Controversial flu research published

One of two papers detailing airborne H5N1 experiments is released

A controversial research paper by Wisconsin researchers that details how to make an airborne version of the H5N1 avian influenza virus is finally making its public debut.

Published online May 2 in Nature, the paper, as well as a similar one by Dutch authors, spells out genetic changes that may render the bird virus infectious between humans by airborne transmission. In November, a U.S. government advisory panel decided that information about creating a fully lethal and transmissible form of the virus should not be published.

H5N1 kills more than half the people it infects, but the virus doesn’t spread from person to person. Revised versions of both research groups’ papers make it clear that airborne, contagious versions of the virus made in the lab don’t retain the killing capacity of the original avian flu. So in March the advisory panel revised its decision to allow full publication of both studies. The Dutch group’s study is still under review in the journal Science.

In the Nature study, researchers led by Yoshihiro Kawaoka of the University of Wisconsin–Madison created a hybrid virus that is mostly an H1N1 virus — a swine flu virus that caused a 2009 pandemic. The researchers replaced a protein called hemagglutinin (the H in H5N1 and H1N1) in the swine flu virus with the H5 version from the avian flu virus. Flu viruses use hemagglutinin to latch onto and invade animal and human cells.

The researchers tested the combination virus in ferrets. By itself, the virus didn’t spread from ferret to ferret through the air. But making just four genetic changes in the H5 protein allowed the virus to spread between ferrets through airborne droplets. Three of the mutations help the virus latch onto cells in the upper respiratory tract, and one makes the protein more stable.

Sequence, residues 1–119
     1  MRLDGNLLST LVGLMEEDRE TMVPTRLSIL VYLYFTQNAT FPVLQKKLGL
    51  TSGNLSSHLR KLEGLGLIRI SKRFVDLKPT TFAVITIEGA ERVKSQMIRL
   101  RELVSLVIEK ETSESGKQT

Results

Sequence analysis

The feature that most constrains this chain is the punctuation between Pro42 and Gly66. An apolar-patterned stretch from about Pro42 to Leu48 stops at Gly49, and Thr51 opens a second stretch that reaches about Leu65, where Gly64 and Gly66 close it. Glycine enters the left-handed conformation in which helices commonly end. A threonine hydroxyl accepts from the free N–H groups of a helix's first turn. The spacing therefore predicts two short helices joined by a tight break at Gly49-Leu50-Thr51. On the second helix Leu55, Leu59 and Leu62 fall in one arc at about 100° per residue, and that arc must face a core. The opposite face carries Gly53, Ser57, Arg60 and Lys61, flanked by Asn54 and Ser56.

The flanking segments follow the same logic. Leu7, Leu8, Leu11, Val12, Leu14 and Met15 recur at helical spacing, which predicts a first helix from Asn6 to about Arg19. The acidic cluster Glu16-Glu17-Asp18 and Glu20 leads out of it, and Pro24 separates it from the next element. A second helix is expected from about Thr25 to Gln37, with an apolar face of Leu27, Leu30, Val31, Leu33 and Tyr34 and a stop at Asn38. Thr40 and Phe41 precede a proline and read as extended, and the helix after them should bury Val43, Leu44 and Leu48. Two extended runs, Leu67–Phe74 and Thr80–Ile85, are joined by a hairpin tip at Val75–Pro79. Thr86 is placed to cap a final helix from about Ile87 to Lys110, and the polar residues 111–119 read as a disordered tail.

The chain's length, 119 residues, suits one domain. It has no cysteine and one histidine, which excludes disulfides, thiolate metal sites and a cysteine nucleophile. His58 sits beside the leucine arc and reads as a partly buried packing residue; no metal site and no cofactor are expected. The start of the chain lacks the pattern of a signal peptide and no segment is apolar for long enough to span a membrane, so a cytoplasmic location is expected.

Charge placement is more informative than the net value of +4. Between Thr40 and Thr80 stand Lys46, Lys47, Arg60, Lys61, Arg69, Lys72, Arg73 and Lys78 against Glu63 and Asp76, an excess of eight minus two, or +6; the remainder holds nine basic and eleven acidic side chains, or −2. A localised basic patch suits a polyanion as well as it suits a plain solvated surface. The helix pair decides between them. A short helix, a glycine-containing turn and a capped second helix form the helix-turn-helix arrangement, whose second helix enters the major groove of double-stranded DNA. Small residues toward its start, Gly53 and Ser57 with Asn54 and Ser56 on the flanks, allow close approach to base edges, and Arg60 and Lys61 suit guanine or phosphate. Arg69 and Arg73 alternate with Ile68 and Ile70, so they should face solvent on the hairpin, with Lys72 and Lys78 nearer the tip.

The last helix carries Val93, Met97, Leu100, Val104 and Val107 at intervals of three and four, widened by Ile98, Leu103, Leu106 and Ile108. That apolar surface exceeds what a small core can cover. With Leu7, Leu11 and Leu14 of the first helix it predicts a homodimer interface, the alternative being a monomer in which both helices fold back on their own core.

One of the mutations has already been found in H5N1 viruses infecting people, suggesting that those viruses could be close to mutating into versions that can spread among people.

Although the quadruple-mutant virus can pass from one ferret to another, there’s no guarantee it would also be contagious in people, says Martin Schwemmle of the University of Freiburg in Germany. It’s also unclear whether avian flu viruses in the wild would be under enough evolutionary pressure to hang onto mutations that would make the virus infectious in people, he says.

Schwemmle and his colleagues have discovered a genetic trick that many H5N1 viruses use to reproduce in human cells. Normally when avian flu viruses (including H5N1) infect human cells, they have a hard time copying the eight pieces of RNA that make up their genomes. Now, Schwemmle’s group reports online May 1 in Nature Communications that mutations altering a protein called NEP can boost the efficiency of an RNA-copying protein and allow H5N1 to reproduce in human cells. The finding gives researchers another insight into how flu viruses adapt to infect people.

Tina Hesman Saey is the senior staff writer and reports on molecular biology. She has a Ph.D. in molecular genetics from Washington University in St. Louis and a master’s degree in science journalism from Boston University.

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